This study aims at highlighting the characteristics of the diverging EU-US "new-regional" and "interregional" policies, as well as their implications on the transatlantic relationship. The book focuses on the political and economical factors that might account for the EU/NAFTA institutionalisation gap and on the alternative world order models behind the EU and the US interregional strategies ("Pax Europaea" vs. "Pax Americana"). The problems overshadowing the transatlantic link in the post-Cold War international system are addressed through a specific question: will the spreading of the new regionalism favor or affect the building of a re-defined and balanced transatlantic partnership? The proposed answer implies that the EU and US respective regional and interregional policies are shaping a competitive transatlantic dynamics, which the EU can only face by increasing the coherence of its internal system of governance.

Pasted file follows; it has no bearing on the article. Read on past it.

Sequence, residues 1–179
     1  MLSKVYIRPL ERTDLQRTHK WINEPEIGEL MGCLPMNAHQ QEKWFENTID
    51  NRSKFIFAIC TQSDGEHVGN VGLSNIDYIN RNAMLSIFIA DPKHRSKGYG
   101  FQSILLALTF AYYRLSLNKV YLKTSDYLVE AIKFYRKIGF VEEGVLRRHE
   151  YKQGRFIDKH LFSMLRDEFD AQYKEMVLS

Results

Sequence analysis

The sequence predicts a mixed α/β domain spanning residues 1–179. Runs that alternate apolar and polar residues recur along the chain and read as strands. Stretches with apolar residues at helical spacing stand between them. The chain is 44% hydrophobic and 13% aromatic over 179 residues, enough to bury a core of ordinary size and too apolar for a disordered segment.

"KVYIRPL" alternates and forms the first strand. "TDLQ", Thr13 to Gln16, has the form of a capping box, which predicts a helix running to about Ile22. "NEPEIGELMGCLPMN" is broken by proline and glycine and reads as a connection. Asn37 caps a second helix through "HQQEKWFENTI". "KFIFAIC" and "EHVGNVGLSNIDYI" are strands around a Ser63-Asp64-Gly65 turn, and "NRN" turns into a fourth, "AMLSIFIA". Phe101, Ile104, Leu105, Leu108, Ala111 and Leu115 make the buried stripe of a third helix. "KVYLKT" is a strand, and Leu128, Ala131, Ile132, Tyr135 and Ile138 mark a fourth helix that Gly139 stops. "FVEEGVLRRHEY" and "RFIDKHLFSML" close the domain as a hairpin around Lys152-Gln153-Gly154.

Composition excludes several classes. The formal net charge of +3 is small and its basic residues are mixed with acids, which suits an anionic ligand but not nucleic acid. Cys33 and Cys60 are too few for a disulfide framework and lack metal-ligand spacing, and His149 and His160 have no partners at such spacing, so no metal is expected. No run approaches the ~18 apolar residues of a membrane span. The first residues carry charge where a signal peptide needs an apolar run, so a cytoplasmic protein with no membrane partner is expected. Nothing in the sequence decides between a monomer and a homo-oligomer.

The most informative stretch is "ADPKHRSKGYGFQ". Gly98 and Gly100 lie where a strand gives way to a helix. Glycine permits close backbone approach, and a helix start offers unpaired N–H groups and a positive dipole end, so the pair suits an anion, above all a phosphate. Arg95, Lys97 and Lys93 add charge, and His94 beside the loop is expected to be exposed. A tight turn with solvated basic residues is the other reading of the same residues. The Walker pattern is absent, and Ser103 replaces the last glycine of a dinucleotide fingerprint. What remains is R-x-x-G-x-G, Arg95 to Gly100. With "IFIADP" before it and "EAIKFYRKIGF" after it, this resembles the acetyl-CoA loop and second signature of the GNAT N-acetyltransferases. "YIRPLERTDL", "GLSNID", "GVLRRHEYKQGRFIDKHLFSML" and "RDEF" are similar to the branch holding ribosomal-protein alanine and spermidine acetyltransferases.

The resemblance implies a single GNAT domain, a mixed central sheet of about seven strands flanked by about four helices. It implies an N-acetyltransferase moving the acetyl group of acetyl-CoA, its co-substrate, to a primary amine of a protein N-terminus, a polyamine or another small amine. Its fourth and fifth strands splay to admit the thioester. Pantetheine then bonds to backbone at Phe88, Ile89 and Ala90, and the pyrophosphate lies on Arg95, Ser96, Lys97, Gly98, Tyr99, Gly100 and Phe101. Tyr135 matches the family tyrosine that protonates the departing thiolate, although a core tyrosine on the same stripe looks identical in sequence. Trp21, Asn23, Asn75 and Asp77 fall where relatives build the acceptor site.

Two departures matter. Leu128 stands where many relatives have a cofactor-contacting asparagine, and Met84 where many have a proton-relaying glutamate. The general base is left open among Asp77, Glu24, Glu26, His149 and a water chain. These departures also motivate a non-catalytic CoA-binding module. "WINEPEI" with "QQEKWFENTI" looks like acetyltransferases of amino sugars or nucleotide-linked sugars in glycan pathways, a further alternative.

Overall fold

In this book, the author's strong commitment to the multi-disciplinary field of regional science emerges to provide a unifying framework between spatial modelling traditions from quantitative geography and those from spatial economics, whereby each is enhanced. Starting with a detailed discussion of each field illustrated with numerical examples, the two traditions are brought together by either making the economic models probabilistic or transforming the objectives of the geographic models to reflect both utility theory and production theory. The ideas are applied to develop urban models of activity analysis, face-to-face contacts and housing supply, as well as regional models in the areas of input-output analysis, imperfect competition and interregional migration.